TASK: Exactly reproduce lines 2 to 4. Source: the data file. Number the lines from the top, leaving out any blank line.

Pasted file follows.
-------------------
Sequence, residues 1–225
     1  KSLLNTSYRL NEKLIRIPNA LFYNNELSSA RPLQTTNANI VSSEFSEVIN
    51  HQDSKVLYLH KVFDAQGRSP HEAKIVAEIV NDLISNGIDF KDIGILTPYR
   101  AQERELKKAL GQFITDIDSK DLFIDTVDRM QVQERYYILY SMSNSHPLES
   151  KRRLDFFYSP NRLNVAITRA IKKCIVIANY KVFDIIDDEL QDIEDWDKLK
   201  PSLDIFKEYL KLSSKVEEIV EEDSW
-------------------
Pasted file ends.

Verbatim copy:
     1  KSLLNTSYRL NEKLIRIPNA LFYNNELSSA RPLQTTNANI VSSEFSEVIN
    51  HQDSKVLYLH KVFDAQGRSP HEAKIVAEIV NDLISNGIDF KDIGILTPYR
   101  AQERELKKAL GQFITDIDSK DLFIDTVDRM QVQERYYILY SMSNSHPLES